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Boosting Herd Performance With Soil Analysis and Birth Data

29 October 2013

Quality Meat Scotland

A farmer based in Orkney UK has been working hard to make his industry sustainable despite not receiving full Common Agricultural Policy farm support payments.

This includes utilising the data attained from being a Quality Meat Scotland monitor farm and maximising the benefits of technical assistance that comes with the programme.

Steven Sandison has entered into the spirit of being a monitor farmer with zeal and believes that the sharing of information, performance recording and ideas he puts into practice will increase the profitability of his farm.

Mr Sandison has only been farming in his own right since 2003 at Millburn Farm in the parish of Harray, on Orkney’s mainland. Extending to 230 acres, Mr Sandison rents a further 100 acres on a seasonal let basis.  

The farm is mostly down to permanent and temporary grass with about 20 acres of rough razing and 30 acres of barley, some of which is kept for feeding cows, but the majority is sold.

Stocking consists of 100 Simmental cross and Saler cross cows with Saler, Simmental and Charolais bulls all being used. This is where the suggestions put forward at the community group meetings have been invaluable.


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"The soil analysis showed a cobalt deficiency in the ground, now the cows and calves are bolused and being supplemented with grass minerals and so far the results look good"
Robert Sandison

“There have been as many as 70 farmers at some of the meetings and the variety of comments and opinions is very interesting,” said Mr Sandison, who farms in partnership with his wife, Lorraine.

The Sandisons sell all the calves from the spring calving herd at weaning to private buyers in Orkney. However, as a result of suggestions put forward at meetings, he decided to get rid of one of his Charolais bulls and concentrate on the Simmental and Saler crosses, to produce heifers for breeding.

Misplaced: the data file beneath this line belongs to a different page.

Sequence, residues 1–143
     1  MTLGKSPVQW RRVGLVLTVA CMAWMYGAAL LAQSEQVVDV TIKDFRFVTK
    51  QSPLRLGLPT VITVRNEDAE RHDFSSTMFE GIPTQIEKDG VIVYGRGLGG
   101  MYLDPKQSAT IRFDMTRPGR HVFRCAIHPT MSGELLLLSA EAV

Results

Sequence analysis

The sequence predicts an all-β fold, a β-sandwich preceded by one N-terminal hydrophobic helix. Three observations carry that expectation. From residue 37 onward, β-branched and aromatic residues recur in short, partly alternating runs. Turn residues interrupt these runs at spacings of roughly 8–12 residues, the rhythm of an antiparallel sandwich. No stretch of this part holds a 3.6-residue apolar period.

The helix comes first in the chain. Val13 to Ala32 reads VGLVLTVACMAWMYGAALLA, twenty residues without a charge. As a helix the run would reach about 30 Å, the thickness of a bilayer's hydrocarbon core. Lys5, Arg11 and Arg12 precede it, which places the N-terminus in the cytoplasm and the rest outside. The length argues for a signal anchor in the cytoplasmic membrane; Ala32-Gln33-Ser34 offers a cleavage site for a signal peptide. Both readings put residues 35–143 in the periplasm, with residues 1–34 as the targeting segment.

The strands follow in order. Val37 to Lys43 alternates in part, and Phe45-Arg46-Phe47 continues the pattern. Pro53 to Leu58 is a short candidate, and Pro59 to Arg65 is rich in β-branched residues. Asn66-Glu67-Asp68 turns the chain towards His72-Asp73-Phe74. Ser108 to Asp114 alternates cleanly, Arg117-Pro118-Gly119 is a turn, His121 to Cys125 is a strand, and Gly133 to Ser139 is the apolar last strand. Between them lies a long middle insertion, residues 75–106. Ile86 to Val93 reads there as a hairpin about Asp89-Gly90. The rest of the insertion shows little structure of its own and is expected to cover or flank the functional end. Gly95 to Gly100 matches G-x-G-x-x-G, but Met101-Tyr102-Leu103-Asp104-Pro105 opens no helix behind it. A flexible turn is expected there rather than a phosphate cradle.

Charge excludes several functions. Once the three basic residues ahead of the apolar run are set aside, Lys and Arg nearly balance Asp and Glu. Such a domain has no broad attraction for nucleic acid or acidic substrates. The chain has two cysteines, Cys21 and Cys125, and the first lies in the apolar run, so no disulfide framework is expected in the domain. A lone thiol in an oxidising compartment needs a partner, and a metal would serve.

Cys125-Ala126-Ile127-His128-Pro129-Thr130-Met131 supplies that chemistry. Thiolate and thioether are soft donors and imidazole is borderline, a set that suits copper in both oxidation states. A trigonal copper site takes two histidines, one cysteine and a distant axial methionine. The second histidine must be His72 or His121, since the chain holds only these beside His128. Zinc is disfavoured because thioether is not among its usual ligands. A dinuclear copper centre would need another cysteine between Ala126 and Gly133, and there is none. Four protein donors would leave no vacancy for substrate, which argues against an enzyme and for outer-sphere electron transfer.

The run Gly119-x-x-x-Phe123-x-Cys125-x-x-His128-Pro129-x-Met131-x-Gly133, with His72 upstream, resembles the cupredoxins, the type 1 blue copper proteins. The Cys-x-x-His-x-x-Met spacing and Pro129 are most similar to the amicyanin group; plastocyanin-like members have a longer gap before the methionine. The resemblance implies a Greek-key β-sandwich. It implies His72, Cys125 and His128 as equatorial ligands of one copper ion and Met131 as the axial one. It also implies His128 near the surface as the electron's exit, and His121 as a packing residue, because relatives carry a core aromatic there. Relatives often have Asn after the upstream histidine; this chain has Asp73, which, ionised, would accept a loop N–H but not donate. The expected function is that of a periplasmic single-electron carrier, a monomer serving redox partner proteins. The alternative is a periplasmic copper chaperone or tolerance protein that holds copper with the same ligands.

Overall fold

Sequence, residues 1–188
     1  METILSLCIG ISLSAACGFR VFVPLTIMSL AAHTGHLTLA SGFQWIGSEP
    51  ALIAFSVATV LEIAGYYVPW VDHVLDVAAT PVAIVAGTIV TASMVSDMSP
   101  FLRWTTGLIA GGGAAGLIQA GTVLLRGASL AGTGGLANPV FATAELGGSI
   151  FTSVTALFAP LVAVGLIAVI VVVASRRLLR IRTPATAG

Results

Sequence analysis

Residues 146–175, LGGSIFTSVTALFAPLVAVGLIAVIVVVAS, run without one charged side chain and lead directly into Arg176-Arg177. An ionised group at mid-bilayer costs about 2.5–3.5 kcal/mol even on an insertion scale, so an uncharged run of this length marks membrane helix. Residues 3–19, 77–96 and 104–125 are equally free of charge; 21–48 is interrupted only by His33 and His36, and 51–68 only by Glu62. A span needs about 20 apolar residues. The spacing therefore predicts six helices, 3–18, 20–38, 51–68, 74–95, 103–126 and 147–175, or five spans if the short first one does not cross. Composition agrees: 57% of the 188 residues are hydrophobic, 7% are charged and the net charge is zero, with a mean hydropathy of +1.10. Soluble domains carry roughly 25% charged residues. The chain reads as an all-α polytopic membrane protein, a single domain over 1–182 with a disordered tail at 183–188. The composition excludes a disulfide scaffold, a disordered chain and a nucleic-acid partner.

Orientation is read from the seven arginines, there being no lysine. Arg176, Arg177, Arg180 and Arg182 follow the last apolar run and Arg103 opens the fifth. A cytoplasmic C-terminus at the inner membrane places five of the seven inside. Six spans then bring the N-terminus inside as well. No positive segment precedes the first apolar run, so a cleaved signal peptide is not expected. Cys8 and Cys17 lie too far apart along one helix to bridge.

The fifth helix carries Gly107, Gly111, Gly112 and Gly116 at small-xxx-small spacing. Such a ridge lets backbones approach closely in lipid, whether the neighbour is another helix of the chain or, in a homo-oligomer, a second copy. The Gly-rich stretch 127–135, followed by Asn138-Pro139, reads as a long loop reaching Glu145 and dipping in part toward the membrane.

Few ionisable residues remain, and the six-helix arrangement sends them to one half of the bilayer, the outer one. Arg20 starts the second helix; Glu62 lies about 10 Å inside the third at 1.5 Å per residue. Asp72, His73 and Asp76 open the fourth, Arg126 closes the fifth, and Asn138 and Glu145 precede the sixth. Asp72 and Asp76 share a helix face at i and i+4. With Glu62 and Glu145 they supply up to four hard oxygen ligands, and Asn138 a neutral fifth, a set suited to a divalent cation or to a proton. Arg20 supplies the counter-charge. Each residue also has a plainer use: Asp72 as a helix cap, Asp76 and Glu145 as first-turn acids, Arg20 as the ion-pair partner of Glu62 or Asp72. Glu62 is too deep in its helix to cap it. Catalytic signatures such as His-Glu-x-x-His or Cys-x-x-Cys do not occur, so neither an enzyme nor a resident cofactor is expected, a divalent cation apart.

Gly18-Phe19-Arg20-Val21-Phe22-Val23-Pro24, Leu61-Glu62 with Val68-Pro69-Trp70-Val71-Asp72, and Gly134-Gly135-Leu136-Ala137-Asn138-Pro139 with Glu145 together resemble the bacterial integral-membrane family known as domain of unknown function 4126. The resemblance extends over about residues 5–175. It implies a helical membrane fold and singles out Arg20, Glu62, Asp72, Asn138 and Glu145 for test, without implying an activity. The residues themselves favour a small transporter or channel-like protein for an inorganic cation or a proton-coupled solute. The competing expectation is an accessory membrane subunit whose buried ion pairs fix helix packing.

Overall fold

Facilitators, George Baikie and Graham Scott, both of SRUC, Scotland’s Rural College, have encouraged performance recording and blood and soil testing as part of the programme.

Steven Sandison has benefited from opening his doors up to Quality Meat Scotland

Mr Sandison explained this had proved one of the greatest benefits of being a monitor farm. “I had a problem with my in-calf and newly calved heifers being too thin, and despite blood testing and dosing for fluke, worms and so on we could not get to the bottom of it. However the soil analysis showed a cobalt deficiency in the ground, now the cows and calves are bolused and being supplemented with grass minerals and so far the results look good.”

The soil analysis also showed a problem with ph levels. Usually in Orkney, shell sand is used to combat this rather than lime and Steven explained that the expected rate is two tonnes of sand is equivalent to one tonne of lime. However Graham Scott suggested he got the sand analysed and the results revealed that he only had to buy 1.5 tonnes to get the equivalent ph benefit, which he estimates has saved him at least £500.

Now well into his second year as a monitor farmer, Mr Sandison is collecting data from his stock - such as birth weights and daily liveweight gains - to give him a picture of his herd’s performance.

He believes that over a few years this data will settle into a pattern which will show him his best performing females and help him with selecting replacements.

One of the issues discussed at the meetings was the decline in sale weight of his calves over three years. Steven made the decision to cut cow numbers back in December to reduce stocking rates.

So far he reckons this has worked well and, with more grass available, the calves are looking better and Steven is hopeful that he can produce the same total weight of calves from fewer cows. His aim is to maximise production from the land he has, rather than increasing stocking rates and having the expense of extra cows.

Over the three years of the programme, extensive data is collected by the facilitator and made available, not only to the group but also on the QMS website, where farmers can easily see the benefits of certain actions and decide whether to apply them to their own farms.

Mr Sandison said that one of the big debates among Orkney farmers is “when to sell calves.” He is unusual in selling at weaning but feels that by collecting data from himself, the farmers who buy his calves to grow on, there should be some good information after three years which could go some way to answering this conundrum.

Although opening the doors to your business can be difficult, Mr Sandison certainly feels that he has benefited from the process. He said: “It has been great to see the interest from all ages at the community group meetings. I have also enjoyed the steering group meetings where decisions are made and I can take positive action to improve my livestock and farm. I am really looking forward to the final year of the programme, when I think we will see real benefits.”

 

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